Preferably, the fluid flow which is fed through the waveguide of the measurement device is small enough for allowing an acoustic signal, for example an acoustic pulse, to travel in said waveguide. Thus, the acoustic pulses that propagates through the waveguide is not significantly affected by the flowing fluid, while at the same time steam may be released from the fluid to create a similar gas composition throughout the waveguide, which as discussed above results in a very accurate measurement.

In another embodiment of the invention, the fluid which is to be fed from the tank into the waveguide is a liquid. An advantage with using a liquid is that the liquid from the tank with ease may be fed into the waveguide. Alternatively, the fluid which is to be fed from the tank into the waveguide is a gas, which for example may be taken from the atmosphere above the liquid surface in the tank.

In a further embodiment, the measurement device is arranged in a tank that further comprises a fuel pump, such as the fuel tank in a car, whereby the flow of fluid in the waveguide is fed by the fuel pump. For example a portion of the fuel reflux originating from the fuel pump may be led into the waveguide. This enables a steady flow of fuel through the waveguide, which as described above results in an accurate measurement. Another advantage with the use of the fuel pump is that no extra feeding device is necessary, which facilitates the construction of the measurement device.

According to a second aspect of the invention the reference part of the measurement device of the kind mentioned by way of introduction further comprises a plurality of drainage holes. One advantage with the drainage holes is that it is possible to get rid of excessive fluid that unintentionally enters the reference part of the measurement device, for example if the tank containing the liquid which is to be measured tilts. Another advantage with the drainage holes is that excess fluid originating from the fluid flow fed to the waveguide may be drawn off. Also, excessive fluid which is a result of condensation in the waveguide may equally be drawn off via the drainage holes.

Note that this aspect of the invention with drainage holes need not be restricted to any particular type of measurement device, but is applicable to any measurement device comprising a waveguide having a part above the fluid surface.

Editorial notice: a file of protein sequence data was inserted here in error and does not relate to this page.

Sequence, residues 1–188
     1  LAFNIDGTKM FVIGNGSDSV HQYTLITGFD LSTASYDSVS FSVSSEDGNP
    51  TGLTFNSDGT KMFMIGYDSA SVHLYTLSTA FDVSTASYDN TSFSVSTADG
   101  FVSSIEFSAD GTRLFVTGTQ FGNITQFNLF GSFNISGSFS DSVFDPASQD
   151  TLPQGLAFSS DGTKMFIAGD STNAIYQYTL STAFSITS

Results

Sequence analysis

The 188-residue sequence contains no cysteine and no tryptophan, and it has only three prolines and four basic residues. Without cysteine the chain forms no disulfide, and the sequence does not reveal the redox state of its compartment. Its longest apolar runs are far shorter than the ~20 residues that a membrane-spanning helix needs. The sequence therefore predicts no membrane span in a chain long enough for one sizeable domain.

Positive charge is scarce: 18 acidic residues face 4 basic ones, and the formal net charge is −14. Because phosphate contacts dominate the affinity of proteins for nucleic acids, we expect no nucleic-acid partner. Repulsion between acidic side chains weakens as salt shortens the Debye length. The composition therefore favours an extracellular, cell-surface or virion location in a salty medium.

In one embodiment of this second aspect of the invention, the measurement device further comprises an absorbing structure arranged adjacent to said drainage holes. The absorbing structure may for example be an absorbing cloth. By using an absorbing structure in association with the drainage holes, it is possible to reduce disturbances of the acoustic pulses in the waveguide that otherwise may be caused by the drainage holes, and thus obtain a more robust measurement.

The absorbing structure may comprise a main part and at least one end part, whereby the end part is positioned below the main part. This enables that fluid absorbed by the absorbing structure is accumulated in said end because of the siphon effect. The accumulated fluid may then drip off the end of the absorbing structure, for example back into the tank.

In another embodiment of the invention, a part of the waveguide which is located above the liquid level, for example the reference part, is positioned outside of the tank. Further, the measurement device comprises a funnel structure, which has at its bottom end an opening which is in connection with the tank. The funnel structure is so arranged that the waveguide of the measurement object passes through the opening into the tank. During operation, the funnel structure collects fluid that emanates from the drainage holes of the waveguide, and leads the fluid back to the tank through the passage at the bottom of the funnel structure.